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Friday, February 28, 2020  Spokane, Washington  Est. May 19, 1883
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News >  Spokane

WSU board approves new teaching health clinic

Spokane’s Riverpoint campus soon will have a 43,000-square-foot medical clinic that will be used as a training site for new doctors and other health care professionals.

Washington State University’s board of regents gave final approval Friday for the $16.25 million project, which will house a physician residency consortium known as the Spokane Teaching Health Center and bolster the school’s expansion of its health and medical sciences programs.

“It is a significant step forward,” said WSU President Elson Floyd.

The new facility will be staffed by medical school graduates serving as resident physicians under the supervision of training doctors. The clinic also will be used to help train the university’s nursing and pharmacy students and is designed to emphasize interprofessional cooperation and a team approach to overall patient treatment.

The consortium, which consists of WSU Spokane, Providence Health Care and Empire Health Foundation, was formed last year to begin boosting the number of federally funded physician residency slots available here.

Of the state’s existing 1,600 residency slots, just more than 100 are in Eastern Washington, according to WSU and Providence.

Residency training is the final phase of education before medical school graduates can begin practicing on their own. Most residencies last three years, though some specialties take longer. The consortium is focused on primary care, specifically family practice and internal medicine.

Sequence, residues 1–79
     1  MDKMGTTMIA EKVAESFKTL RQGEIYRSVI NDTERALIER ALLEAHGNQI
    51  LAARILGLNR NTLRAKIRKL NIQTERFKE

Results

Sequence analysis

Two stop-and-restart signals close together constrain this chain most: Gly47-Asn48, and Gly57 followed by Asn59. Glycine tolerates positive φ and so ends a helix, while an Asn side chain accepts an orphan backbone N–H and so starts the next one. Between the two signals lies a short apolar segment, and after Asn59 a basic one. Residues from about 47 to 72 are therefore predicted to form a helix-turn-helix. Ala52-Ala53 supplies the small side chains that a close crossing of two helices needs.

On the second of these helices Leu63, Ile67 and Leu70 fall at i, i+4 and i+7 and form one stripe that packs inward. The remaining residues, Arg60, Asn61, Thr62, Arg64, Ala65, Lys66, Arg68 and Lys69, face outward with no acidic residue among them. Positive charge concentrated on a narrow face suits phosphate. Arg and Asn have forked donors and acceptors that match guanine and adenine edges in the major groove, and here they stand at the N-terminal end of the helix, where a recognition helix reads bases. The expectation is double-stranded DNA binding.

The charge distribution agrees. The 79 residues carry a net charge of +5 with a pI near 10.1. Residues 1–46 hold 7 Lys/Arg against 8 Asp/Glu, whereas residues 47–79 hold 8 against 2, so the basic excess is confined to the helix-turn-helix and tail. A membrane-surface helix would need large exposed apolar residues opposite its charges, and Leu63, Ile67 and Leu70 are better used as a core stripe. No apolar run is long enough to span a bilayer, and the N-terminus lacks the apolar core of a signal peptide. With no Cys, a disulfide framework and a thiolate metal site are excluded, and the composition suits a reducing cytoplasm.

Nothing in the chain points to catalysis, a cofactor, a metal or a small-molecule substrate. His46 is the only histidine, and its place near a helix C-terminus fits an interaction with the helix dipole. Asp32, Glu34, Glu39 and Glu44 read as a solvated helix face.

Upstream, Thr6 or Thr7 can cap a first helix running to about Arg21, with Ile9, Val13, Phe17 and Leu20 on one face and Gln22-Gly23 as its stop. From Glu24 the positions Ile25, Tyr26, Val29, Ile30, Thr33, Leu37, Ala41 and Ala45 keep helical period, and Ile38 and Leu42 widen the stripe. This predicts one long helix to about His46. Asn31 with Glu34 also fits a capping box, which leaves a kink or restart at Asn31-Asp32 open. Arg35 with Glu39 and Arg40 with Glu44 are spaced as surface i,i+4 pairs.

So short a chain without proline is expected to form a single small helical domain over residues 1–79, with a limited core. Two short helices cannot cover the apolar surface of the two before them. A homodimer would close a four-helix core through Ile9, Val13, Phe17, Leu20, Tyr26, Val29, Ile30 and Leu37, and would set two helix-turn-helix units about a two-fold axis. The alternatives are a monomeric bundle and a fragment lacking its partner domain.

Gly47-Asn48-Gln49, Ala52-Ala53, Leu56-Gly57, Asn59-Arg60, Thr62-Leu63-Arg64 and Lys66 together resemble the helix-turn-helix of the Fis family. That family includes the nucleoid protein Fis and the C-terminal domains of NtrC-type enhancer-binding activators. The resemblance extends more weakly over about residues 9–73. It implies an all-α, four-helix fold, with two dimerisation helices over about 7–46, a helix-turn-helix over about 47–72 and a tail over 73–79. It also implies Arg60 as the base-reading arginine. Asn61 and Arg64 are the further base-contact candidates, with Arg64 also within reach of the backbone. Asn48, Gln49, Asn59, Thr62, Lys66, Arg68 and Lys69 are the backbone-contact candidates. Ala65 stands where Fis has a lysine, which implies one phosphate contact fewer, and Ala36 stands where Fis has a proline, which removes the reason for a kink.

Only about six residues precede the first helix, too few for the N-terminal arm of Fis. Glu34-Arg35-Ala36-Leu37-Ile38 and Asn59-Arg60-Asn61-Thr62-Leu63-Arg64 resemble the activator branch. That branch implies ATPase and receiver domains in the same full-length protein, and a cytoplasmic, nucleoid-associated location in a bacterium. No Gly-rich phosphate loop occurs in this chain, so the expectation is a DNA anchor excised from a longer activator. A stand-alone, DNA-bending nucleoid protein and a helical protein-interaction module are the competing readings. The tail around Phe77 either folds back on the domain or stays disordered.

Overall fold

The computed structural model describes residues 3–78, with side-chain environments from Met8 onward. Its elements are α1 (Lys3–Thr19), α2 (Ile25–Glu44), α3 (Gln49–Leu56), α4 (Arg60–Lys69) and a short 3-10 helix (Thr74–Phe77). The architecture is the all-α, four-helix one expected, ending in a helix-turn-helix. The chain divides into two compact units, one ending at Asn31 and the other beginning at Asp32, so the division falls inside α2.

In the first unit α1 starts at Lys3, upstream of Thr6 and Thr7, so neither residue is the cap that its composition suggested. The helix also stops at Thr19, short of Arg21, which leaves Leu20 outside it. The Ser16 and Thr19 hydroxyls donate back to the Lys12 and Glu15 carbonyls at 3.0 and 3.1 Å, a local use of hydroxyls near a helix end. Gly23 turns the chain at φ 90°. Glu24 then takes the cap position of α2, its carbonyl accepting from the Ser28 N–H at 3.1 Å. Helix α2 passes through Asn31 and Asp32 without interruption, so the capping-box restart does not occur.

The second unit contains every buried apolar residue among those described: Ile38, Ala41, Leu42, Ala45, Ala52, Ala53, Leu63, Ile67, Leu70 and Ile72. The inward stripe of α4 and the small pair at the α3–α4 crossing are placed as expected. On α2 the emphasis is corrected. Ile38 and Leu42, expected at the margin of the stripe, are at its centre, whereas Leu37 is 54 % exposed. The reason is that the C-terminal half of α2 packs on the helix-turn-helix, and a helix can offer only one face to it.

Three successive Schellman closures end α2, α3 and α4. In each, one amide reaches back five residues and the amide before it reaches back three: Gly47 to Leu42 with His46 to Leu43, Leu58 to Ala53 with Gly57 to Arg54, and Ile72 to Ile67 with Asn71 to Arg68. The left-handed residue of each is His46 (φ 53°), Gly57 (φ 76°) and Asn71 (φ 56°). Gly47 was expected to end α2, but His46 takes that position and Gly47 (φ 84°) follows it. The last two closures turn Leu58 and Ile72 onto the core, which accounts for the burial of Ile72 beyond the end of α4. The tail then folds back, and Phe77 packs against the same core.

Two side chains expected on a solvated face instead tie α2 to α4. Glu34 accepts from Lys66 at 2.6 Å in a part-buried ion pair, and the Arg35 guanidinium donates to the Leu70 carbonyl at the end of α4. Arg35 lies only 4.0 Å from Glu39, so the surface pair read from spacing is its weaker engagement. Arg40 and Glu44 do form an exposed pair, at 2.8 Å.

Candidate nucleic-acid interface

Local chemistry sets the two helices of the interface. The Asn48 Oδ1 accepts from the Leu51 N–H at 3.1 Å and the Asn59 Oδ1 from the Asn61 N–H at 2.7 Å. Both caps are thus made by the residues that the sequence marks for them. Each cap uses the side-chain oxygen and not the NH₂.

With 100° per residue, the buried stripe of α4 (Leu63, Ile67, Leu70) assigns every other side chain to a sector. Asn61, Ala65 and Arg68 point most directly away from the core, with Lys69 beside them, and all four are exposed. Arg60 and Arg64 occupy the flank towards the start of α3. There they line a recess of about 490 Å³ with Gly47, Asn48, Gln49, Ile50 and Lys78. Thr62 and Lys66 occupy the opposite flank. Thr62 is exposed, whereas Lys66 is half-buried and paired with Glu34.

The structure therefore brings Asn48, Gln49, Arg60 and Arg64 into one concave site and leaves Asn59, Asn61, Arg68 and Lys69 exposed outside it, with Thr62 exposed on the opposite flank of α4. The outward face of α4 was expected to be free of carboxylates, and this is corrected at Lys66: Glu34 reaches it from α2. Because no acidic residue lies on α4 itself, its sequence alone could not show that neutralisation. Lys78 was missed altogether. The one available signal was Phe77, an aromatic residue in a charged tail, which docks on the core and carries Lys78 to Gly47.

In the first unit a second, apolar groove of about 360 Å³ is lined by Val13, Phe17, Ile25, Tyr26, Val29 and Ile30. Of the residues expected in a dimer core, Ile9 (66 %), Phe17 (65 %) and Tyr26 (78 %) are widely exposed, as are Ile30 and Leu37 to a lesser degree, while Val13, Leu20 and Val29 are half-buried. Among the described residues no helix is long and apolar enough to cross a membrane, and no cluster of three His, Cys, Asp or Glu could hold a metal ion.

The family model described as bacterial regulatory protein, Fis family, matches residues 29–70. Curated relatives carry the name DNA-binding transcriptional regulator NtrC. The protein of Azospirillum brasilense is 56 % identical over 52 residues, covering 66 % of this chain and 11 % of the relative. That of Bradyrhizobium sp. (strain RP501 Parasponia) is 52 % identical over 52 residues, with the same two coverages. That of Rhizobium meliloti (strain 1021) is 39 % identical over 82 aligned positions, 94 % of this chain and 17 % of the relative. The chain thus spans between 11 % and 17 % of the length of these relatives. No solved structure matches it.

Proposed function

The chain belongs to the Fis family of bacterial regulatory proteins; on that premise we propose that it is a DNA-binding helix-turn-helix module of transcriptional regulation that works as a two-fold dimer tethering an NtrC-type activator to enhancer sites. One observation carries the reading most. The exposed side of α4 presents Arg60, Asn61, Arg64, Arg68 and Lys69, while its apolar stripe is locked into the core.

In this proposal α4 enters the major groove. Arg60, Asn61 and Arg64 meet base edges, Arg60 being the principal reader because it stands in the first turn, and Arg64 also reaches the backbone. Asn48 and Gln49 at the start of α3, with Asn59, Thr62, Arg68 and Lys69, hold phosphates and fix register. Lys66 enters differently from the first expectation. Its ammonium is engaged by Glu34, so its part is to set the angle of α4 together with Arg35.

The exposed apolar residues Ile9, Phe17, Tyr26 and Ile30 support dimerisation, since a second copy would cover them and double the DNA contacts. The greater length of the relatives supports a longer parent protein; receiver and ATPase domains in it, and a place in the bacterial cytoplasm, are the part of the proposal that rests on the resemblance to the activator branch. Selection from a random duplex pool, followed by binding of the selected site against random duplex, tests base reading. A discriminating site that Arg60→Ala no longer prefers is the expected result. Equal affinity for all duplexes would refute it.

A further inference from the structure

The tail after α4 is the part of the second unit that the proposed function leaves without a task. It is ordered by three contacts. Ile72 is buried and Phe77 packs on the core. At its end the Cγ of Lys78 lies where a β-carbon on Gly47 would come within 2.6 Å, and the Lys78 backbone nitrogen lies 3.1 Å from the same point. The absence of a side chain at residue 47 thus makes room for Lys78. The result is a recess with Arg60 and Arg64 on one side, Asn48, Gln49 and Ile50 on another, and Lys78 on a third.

Providence already operates a family care residency program at the Fifth and Browne building in Spokane and will be moving its 41 resident physicians to the new clinic, which provides primary care services for low-income and underinsured patients.

Additionally, the consortium landed a $900,000 federal grant that will pay for six more primary care residencies and is eligible for up to 18 under a potential expansion that would require congressional approval. Those residency positions also would be at the new clinic.

Although separate from WSU’s push to establish its own medical school, Floyd said the new clinic complements the university’s commitment to addressing rural doctor shortages.

“This is very consistent with what we’re trying to do,” he said Friday.

Studies indicate doctors are most likely to establish their practices near where they did their residency training. Additionally, the residency program includes dedicated training slots for those who are preparing for medical careers in rural communities.

Construction of the new clinic is expected to take about a year and will be located at the southeast edge of the campus. The old Pierone building will be demolished beginning in early 2015 to make room for it.

WSU will sell bonds to pay for construction and plans to repay them with revenue from the consortium.

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